Though he makes great use of those elements that Borges has defined as being the basics of fantastic literature—the double, the work within the work, the journey in time and the contamination of reality by dream—he is not exclusively a fantasist, for he recognises that art, as well as being a game and a supreme entertainment, is also concerned with the creation of truths which may have some bearing on our lives and with the imposition of new patterns on the world; if to this end he has replaced one set of conventions with another equally strict and has taken to mimicking himself (his latest film Eden and After looks like the bastard offspring of Cola Advert and Skin Flick), he has produced two notable films, has had a big influence on a wide variety of writers (Vidal, Fowles, Wittig, Brooke-Rose and the cartoonist Guido Crepax), and most important has written fictions which have nothing to do with social realism or 'ideas' (best left to TV and journalism) but stand as independent edifices signifying nothing other than a highly original mind working with relish.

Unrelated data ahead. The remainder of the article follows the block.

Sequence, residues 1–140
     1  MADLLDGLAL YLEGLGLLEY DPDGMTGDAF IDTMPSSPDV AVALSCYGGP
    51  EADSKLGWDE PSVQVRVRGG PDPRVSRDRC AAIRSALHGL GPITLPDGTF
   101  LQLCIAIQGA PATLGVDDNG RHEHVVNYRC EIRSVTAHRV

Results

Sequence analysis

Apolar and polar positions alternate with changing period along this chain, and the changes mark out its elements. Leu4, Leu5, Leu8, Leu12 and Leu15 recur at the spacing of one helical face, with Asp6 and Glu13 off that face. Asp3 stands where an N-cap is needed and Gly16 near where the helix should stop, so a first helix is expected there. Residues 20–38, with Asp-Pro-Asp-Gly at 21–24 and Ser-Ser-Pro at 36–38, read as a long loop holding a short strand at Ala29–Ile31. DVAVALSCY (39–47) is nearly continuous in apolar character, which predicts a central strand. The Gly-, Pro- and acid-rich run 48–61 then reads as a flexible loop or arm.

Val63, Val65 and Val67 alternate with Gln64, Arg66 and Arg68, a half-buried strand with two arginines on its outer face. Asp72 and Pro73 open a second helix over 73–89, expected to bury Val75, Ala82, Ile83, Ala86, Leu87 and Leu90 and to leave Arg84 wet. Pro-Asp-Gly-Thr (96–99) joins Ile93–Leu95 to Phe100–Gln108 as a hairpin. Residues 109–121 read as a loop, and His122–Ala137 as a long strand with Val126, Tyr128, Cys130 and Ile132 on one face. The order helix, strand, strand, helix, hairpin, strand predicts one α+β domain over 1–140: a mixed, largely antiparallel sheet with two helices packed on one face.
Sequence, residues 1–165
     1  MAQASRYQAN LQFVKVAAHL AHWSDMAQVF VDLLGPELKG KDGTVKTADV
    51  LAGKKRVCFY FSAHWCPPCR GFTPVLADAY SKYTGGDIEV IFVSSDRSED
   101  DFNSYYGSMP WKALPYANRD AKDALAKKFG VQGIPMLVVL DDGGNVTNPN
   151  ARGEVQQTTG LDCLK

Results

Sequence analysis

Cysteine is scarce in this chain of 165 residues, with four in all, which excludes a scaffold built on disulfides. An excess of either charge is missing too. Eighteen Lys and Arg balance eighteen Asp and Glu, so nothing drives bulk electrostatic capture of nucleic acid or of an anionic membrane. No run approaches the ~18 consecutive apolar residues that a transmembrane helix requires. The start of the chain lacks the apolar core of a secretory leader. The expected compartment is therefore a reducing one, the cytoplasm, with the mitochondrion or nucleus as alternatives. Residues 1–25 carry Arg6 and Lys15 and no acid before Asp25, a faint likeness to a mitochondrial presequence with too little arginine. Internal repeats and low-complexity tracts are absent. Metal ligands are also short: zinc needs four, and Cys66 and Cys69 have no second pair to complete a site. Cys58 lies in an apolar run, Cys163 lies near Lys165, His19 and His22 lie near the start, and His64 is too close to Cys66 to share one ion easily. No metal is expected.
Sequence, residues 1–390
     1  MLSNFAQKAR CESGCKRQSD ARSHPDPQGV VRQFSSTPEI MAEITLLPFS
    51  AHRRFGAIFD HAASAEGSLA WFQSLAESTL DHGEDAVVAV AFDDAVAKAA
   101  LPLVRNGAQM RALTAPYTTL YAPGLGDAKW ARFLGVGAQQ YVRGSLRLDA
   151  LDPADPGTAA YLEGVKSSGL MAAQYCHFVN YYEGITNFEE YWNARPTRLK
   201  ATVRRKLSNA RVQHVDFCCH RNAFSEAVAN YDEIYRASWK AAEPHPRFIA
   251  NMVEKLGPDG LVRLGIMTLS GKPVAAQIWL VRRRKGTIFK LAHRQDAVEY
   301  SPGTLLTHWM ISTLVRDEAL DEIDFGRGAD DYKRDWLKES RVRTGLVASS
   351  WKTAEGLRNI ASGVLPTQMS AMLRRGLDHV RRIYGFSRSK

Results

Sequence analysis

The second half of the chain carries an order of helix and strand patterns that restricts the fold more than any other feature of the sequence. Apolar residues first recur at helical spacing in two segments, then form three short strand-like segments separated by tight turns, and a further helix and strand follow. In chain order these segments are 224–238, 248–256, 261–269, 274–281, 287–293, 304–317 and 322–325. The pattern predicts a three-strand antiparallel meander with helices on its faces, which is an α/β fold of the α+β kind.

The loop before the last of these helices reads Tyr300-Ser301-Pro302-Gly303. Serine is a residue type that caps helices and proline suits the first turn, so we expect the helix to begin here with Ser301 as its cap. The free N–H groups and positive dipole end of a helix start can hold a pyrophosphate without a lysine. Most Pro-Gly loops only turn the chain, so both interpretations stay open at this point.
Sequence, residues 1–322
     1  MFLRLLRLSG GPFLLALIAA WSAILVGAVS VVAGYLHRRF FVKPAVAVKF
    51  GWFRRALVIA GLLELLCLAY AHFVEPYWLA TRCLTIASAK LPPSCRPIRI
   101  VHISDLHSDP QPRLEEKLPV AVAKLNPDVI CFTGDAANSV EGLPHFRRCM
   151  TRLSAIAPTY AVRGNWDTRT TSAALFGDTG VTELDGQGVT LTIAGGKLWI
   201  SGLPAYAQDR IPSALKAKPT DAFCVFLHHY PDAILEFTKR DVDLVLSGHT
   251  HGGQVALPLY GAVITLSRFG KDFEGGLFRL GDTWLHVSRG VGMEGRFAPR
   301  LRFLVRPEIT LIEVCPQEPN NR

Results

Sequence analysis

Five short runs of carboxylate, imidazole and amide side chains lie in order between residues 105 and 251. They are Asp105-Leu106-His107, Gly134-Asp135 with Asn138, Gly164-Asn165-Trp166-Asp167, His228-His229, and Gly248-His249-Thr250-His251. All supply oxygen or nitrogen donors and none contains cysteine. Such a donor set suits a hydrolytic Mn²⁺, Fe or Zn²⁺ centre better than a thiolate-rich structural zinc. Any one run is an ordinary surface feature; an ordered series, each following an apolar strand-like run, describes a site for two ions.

Jonathan Meades, "Robbe-Grillet: A Precise Impressionist," in Books and Bookmen, September, 1971, pp. 8, 10, 12-13.
Robbe-Grillet has been accused of boring his readers by his lengthy spatial descriptions quite as effectively as Balzac. But the hypertrophy of locale in his novels is used for entirely un-Balzacian reasons: not to underline the continuity of his created world with the world as we know it, but rather the discontinuity. And this discontinuity offers a … striking analogy with Kafka. Though their fictional spaces are by no means other-worldly, in the sense of the fantastic or the surreal, they border on no geographic spaces known to man; for even when their hermetic sites are linked to neighboring regions by bridges, roads, or traversable oceans, on the other side of the crossings lie further no-man's-lands….